AVS2008 Session SE+PS-FrM: Pulsed Plasmas in Surface Engineering

Friday, October 24, 2008 8:20 AM in Room 204
Friday Morning

Time Period FrM Sessions | Abstract Timeline | Topic SE Sessions | Time Periods | Topics | AVS2008 Schedule

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8:20 AM Invited SE+PS-FrM-1 On the Plasma Parameters in the High Power Impulse Magnetron Sputtering Discharge (HiPIMS)
J.T. Gudmundsson (University of Iceland)
The development of ionized physical vapor deposition (IPVD) was mainly driven by the formation of metal and nitride thin films into deep, narrow trenches and vias that are essential in modern microelectronics. More recently, the control of the ion energy and direction of the deposition species has proved to be an important physical tool in the growth process of new materials and new structures. Over the past few years, various ionized sputtering techniques have appeared that show a high degree of ionization of the sputtered atoms, in the range 50 - 90 %. This is often achieved by the application of a secondary discharge to a magnetron sputtering discharge, either inductively coupled plasma source (ICP-MS) or a microwave amplified magnetron sputtering1. High power impulse magnetron sputtering (HiPIMS) is a more recent sputtering technique that utilizes ionized physical vapor deposition (IPVD)1,2. High density plasma is created by applying a high power pulse to a planar magnetron discharge. Measurements of the temporal and spatial behavior of the plasma parameters indicate peak electron density of the order of 1019 m-3, that expands from the target with a fixed velocity that depends on the gas pressure3. The high electron density results in a high degree of ionization of the deposition material. Fractional ionization of the sputtered material has been measured to be over 90 %2. The ions are controllable with respect to energy and direction as they arrive to the growth surface. The spatial and temporal variation of the plasma parameters, electron density, electron energy, plasma potential and ion energy, in a HiPIMS discharge are reviewed. The plasma physics of the HiPIMS will be discussed as well as some of applications of the HiPIMS technique.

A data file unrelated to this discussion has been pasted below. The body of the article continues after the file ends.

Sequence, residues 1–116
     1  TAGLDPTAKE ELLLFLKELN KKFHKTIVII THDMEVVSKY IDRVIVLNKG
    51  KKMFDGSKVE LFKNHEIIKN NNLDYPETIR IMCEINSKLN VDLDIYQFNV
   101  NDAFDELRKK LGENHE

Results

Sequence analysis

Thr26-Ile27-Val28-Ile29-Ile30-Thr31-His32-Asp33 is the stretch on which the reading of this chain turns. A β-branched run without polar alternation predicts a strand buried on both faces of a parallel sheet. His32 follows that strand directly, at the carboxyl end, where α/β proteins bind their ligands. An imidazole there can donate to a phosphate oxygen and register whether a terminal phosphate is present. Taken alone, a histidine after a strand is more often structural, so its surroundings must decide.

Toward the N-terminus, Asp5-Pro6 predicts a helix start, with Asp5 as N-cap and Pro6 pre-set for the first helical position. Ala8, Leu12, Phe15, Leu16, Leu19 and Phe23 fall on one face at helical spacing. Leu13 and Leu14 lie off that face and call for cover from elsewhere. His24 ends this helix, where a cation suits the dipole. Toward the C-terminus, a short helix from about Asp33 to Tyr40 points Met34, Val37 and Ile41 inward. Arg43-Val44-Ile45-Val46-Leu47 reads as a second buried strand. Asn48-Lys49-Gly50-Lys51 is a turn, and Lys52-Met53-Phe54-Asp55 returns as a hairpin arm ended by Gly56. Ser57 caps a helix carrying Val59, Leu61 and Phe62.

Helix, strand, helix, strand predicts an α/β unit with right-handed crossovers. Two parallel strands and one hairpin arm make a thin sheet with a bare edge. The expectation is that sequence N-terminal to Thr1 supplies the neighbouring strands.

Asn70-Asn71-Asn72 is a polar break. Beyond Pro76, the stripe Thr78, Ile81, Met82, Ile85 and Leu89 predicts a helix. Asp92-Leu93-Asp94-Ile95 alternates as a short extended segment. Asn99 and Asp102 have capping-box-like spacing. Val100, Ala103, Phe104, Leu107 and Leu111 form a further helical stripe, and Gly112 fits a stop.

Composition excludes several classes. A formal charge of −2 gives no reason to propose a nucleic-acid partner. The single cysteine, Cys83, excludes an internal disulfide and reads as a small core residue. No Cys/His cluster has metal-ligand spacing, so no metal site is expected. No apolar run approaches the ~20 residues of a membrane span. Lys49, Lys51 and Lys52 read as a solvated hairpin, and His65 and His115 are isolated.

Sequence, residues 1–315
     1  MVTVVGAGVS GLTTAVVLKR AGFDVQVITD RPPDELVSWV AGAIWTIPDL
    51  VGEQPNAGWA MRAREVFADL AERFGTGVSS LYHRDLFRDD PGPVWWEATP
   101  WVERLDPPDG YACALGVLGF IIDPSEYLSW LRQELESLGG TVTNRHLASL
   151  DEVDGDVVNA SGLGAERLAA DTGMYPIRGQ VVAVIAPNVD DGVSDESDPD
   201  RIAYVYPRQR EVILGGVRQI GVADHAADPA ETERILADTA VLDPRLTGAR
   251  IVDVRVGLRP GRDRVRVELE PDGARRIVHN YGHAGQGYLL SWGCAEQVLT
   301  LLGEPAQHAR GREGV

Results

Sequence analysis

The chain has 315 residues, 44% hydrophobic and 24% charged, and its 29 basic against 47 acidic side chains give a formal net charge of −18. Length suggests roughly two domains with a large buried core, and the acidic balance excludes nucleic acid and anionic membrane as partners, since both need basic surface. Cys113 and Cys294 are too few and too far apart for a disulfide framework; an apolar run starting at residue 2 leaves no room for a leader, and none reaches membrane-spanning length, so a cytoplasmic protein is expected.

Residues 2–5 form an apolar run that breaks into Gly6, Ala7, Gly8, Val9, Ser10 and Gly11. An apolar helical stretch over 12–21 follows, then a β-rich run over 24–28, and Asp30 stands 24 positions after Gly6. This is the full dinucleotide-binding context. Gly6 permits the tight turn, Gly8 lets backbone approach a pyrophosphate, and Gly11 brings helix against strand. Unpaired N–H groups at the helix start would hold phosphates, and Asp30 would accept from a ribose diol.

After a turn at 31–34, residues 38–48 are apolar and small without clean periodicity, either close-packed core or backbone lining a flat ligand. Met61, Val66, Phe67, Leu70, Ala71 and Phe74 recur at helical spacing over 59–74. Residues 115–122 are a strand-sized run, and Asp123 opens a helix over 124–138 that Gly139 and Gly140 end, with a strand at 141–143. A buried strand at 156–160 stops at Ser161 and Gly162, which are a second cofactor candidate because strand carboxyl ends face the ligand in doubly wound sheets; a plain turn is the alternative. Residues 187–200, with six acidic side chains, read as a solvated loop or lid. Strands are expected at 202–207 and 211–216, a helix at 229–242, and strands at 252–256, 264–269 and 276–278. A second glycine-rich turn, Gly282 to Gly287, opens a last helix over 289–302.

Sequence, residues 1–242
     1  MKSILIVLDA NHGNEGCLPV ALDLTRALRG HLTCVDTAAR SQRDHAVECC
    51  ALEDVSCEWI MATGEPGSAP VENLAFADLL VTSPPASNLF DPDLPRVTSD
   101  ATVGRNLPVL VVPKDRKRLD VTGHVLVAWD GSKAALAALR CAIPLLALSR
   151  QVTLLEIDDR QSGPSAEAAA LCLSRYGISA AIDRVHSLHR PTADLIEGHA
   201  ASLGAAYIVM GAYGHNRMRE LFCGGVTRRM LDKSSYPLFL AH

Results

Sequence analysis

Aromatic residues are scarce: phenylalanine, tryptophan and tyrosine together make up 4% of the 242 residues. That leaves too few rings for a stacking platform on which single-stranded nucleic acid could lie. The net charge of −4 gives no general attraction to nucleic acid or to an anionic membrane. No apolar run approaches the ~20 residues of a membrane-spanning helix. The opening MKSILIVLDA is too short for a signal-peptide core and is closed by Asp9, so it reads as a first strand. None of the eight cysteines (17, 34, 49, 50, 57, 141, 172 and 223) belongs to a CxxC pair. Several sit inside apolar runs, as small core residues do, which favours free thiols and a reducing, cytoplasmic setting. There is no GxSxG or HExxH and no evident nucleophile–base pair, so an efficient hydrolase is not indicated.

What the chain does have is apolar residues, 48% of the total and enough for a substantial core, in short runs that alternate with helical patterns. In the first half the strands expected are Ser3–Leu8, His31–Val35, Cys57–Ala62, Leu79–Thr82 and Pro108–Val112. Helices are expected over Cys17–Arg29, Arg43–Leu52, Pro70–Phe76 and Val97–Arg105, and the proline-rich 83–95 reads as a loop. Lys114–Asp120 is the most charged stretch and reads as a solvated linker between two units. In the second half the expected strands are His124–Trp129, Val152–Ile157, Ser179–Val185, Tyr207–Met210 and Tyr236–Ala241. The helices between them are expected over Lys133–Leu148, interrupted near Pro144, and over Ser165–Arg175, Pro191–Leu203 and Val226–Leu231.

1U. Helmersson, M. Latteman, J. Bohlmark, A. P. Ehiasarian, and J. T. Gudmundsson, Ionized Physical Vapor Deposition (IPVD): A Review of Technology and Applications, Thin Solid Films 513 (2006) 1-24
2U. Helmersson, M. Lattemann, J. Alami, J. Bohlmark, A.P. Ehiasarian, and J.T. Gudmundsson, Proceedings of the 48th Annual Technical Conference of the Society of Vacuum Coaters, April 23-28, 2005, Denver, CO, USA, p.458
3 J.T. Gudmundsson, J. Alami, and U. Helmersson, Spatial and temporal behavior of the plasma parameters in a pulsed magnetron discharge, Surf. Coat. Technol. 161 (2002) 249 .

9:00 AM SE+PS-FrM-3 Deposition of Metal Oxide Coatings using Reactive High Power Impulse Magnetron Sputtering
E. Wallin, M. Aiempanakit (Linköping University, Sweden); T.I. Selinder, E. Coronel (Sandvik Tooling, Sweden); U. Helmersson (Linköping University, Sweden)
Metal oxides have been deposited using reactive high power impulse magnetron sputtering (HiPIMS) of metal targets in Ar/O2 gas mixtures. The use of HiPIMS has in previous studies of deposition of alumina been shown to drastically influence the process characteristics compared to conventional reactive sputtering [Wallin and Helmersson, Thin Solid Films, in press]. Under suitable conditions, oxide formation on the target was found to be suppressed, and the hysteresis effect commonly observed as the gas flow is varied during conventional sputtering was reduced, or even completely eliminated, using HiPIMS. In the present work, these investigations are extended to a wider range of process parameters as well as to other material systems, including CeO2, in order to better understand the reactive process. Based on this, reasons for the altered process characteristics will be discussed. Moreover, film properties of alumina deposited by this type of process have been investigated. α-alumina was found to form readily on both cemented carbide and Mo substrates at a temperature as low as 650 °C. α phase growth was retained over the studied range of substrate bias voltages (from floating potential to -100 V), while growth at lower temperatures resulted in the formation of γ-alumina at 575 °C and x-ray amorphous films at 500 °C or lower. The film microstructure was studied using electron microscopy techniques, revealing a plate-like structure of the α-alumina films with wider grains and a denser structure for higher bias values. Reasons for the phase composition and microstructure observed with different process parameters will be discussed together with possible pathways for further reduction of the α-alumina growth temperature and improvements of the microstructure.
9:20 AM SE+PS-FrM-4 A Mass/Energy Analysis of the Plasma during Modulated Pulse Power Sputtering
W.D. Sproul (Reactive Sputtering, Inc.); J. Lin, J.J. Moore, M. Hasheminiasari (Colorado School of Mines); R. Chistyakov, B. Abraham (Zond, Inc./Zpulser, LLC)